Further, a need also exists for a content protection system that can be adapted to support all three content forms since all forms of content may be used interchangeably. For viewable content such as digital pictures to be viewed with executable applications such as content players, a need exists for a content protection system that allows such content to be used, modified or stored according to algorithmic parameters that are themselves maintained as usable content. For example, it would be beneficial to have protected data elements that are required by algorithms controlling digital sound reproduction. Similarly, an executable program that works in conjunction with independent data such as fonts, virus files, and so on, could also benefit from maintaining this data in a protected form. A need exists for a content protection system that can provide basic functionality with an entry level product, as well as increasing functionality through decryption of the data required for that functionality. For data elements representing algorithmic variables, a need exists for a content protection system that provides programmatic execution control ranging from very coarse control (e.g., as an overall gate or switch on the primary program) to very fine control of a specific function such that, by selectively encrypting parameters for just one or two algorithms, very specific functions can be disabled or controlled through a limited or extensive range.
In accordance with the present invention, a content protection system is provided which allows content publishers to select and encrypt data elements within an executable program, as opposed to encrypting the entire executable program. The data elements can be stored within the program as static data or stored as external dataset or retrieved from a database. The data elements comprise usable data that supports usable, viewable and executable forms of content.
In accordance with another aspect of the present invention, the content protection system allows critical program data required for initialization and control of a program execution, proprietary algorithms and other critical calculation parameters to be encrypted with a license key prior to distribution to end users and recovered during execution of the program. The program can be constructed to operate sub-optimally if the required license key is not made available at execution time to increase the value of the properly licensed software. This protects the software from common piracy through circumvention of license check functions as the required data will remain encrypted despite the compromised license check functions.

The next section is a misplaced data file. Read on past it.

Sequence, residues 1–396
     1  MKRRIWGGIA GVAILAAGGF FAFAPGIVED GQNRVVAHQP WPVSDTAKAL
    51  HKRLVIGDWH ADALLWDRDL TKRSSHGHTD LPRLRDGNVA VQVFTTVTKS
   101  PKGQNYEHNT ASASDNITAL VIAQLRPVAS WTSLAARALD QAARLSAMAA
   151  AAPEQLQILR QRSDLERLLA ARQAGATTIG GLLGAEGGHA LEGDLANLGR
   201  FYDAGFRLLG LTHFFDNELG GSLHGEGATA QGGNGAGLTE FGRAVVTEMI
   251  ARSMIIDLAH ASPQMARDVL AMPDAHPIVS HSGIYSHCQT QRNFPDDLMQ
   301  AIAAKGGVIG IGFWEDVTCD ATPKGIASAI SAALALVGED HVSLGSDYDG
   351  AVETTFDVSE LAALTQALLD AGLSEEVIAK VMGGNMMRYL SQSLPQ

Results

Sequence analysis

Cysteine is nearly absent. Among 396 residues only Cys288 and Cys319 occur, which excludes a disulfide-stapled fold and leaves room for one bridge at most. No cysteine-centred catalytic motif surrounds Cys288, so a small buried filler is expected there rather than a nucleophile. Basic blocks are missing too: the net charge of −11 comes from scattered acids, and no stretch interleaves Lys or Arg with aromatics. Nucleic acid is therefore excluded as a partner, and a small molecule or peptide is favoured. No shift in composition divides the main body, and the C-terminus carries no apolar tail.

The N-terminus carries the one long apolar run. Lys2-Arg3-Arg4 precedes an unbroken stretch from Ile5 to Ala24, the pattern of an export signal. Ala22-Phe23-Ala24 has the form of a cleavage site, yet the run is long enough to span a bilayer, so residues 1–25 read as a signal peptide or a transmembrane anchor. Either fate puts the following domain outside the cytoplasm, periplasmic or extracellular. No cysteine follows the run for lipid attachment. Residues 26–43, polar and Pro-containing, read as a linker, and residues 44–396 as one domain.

The content protection system of the present invention allows flexibility with respect to encrypting multiple datasets and thus provides license options. For example, the present invention provides programmatic execution control ranging from coarse to fine control and/or varying levels of functionality, depending on the level of legitimate user access obtained via license key or activation technology.
The novel features and advantages of the present intervention can be understood by reference to the detailed description of the preferred embodiments which follows, when read in conjunction with the accompanying drawings, in which:
Throughout the drawing figures, like reference numerals will be understood to refer to like parts and components.
The present invention offers a novel approach wherein one or more program data elements are encrypted (e.g., by a publisher 12). The data elements can be stored within a program executable, referred to as static data, stored as an external dataset (file), or retrieved from a database. Data stored externally in files can be located and accessed in any way appropriate for the application's requirements such as, for example, locally on a fixed or removable storage media, or via the Internet, a LAN or a similar networked connection. The data elements can also be stored within any common database 30 and retrieved through database queries as required (e.g., via a web server 26).
With reference to
Alternatively, the program can be constructed to operate sub-optimally should the required license key not be available at execution time. As illustrated in
The present invention allows considerable flexibility in data delivery, as well as development and control of license options. As illustrated in
As illustrated in